In Pursuit of Light
By Anna Horsnell
Light. Without it we live in darkness. Light enables us to literally see the world around us in all its complexity. In art, the painter uses the illusion of light to create a three-dimensional world on a two-dimensional canvas. To do this well requires an exceptional eye and masterful skill. Arnaud Béghin is just such an artist.
Béghin was born in 1964 in Le Havre, France. Having tried art school, he chose instead to follow his own path to become an artist. Living in Paris in the late 1980s, his preference was to learn under artists who he admired, such as French painter Lionel Verrier, and by immersing himself in the art found in The Louvre. There, surrounded by masterpieces, he felt there was no bad art, and he was especially drawn to perhaps lesser-known artists who he felt tried difficult things in their work.
In 1993, Béghin married Canadian artist Elizabeth Sircom, and twenty years later they made the move to Hantsport. He relishes the fresh start and freedom to explore a new landscape in relative isolation. “Nova Scotia is beautiful and subjects are everywhere.” As a studio painter who works in oils, his subjects are extensive, from landscapes to interiors, figures and more. Every subject comes with its own challenges. With landscapes, he feels the test is to instill life without people. Painting interior scenes, he concentrates on portraying the outside from the inside. He feels the quest for any artist is to find a focus, something to develop, something to feel passionate about. For Béghin, it is light, “It’s a very good thread to follow. Right from the start. I use colour to make light. Colour is just a tool to make light.”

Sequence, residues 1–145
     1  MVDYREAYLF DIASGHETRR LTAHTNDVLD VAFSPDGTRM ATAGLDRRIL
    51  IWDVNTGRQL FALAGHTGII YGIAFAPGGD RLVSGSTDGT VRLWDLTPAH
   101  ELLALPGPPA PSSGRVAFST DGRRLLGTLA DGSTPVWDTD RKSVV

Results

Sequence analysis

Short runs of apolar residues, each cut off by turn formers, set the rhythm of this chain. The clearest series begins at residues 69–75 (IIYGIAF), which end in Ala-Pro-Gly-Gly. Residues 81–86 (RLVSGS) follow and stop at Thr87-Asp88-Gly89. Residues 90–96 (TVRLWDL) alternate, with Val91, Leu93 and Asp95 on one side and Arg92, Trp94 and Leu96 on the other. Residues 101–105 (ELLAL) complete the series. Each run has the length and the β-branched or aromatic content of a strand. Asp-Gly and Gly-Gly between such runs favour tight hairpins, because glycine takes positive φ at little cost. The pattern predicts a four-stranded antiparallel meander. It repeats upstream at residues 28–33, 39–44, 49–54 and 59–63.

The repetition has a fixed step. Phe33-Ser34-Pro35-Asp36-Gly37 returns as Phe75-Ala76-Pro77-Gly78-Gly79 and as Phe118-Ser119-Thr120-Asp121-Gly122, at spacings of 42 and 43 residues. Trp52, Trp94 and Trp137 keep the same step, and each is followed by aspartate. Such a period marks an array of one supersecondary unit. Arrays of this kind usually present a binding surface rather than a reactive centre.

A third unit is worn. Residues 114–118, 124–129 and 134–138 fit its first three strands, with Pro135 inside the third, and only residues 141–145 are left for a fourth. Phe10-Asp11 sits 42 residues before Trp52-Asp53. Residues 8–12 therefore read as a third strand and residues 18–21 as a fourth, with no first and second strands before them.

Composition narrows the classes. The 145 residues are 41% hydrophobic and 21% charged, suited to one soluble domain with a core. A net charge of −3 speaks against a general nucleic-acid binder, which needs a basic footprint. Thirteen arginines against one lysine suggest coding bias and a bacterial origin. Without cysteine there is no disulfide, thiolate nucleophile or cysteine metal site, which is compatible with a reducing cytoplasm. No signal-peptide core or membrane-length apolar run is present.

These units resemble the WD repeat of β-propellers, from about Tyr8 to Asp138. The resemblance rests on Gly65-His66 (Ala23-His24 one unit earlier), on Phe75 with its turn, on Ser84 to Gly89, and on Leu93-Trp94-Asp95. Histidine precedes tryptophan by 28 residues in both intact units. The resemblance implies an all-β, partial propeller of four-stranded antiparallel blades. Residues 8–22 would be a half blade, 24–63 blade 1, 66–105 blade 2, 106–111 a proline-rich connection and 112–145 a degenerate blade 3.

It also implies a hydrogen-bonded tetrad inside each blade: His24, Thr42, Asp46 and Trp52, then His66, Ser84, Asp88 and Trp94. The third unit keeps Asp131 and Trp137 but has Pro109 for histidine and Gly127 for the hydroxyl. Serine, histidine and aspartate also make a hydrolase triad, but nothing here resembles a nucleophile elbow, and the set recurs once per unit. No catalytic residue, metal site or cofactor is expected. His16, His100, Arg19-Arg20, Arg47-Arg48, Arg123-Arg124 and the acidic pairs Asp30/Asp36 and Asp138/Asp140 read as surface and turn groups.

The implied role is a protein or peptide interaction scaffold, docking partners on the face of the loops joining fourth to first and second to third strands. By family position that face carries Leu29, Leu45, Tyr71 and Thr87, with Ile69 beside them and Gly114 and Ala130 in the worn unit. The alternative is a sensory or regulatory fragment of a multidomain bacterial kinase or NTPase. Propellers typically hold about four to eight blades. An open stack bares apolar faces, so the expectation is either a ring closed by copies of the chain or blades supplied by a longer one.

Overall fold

Generally Béghin heads outside early in the morning or late in the day to capture the best light in his photos. He never tires of the search for the right light, the shape and emotion and the feelings it evokes. Forgoing the urgency inherent with painting outside, he prefers to then return to his studio where he can construct his composition. He loves the whole process and all the organic stages. The magic is in taking the photo, the frozen moment, and creating something more. The painting becomes something else, something beyond the reality, and Béghin often sees no connection between what he paints in the studio and the actual scene he photographed. “It’s a very good way to pass the day,” he smiles.
Still there are times when as an artist, he feels he knows nothing. There is always more to learn, chasing the elusive quality that makes a painting truly special. Béghin continually challenges himself. He values the act of trying, of pushing himself as an artist. He does not want to be remembered personally. What really matters is the work. Will it stand the test of time? What will the work be without context? Béghin enjoys the mystery of never knowing what the audience thinks or sees in his artwork. Looking at his paintings, there is a softness to the light. There is a translation of the ordinary into the extraordinary. There is an invitation to look closer at the world around you, to perhaps feel something you have recognized before, but could never describe in words. Therein lies the gift of the artist.
Paintings by Arnaud Béghin can be seen at The Harvest Gallery in Wolfville, and in his upcoming show at the Amicus Gallery in Chester, starting on August 8. Contact the artist at firstname.lastname@example.org or visit his website at abeghin.free.fr. All images courtesy of the artist.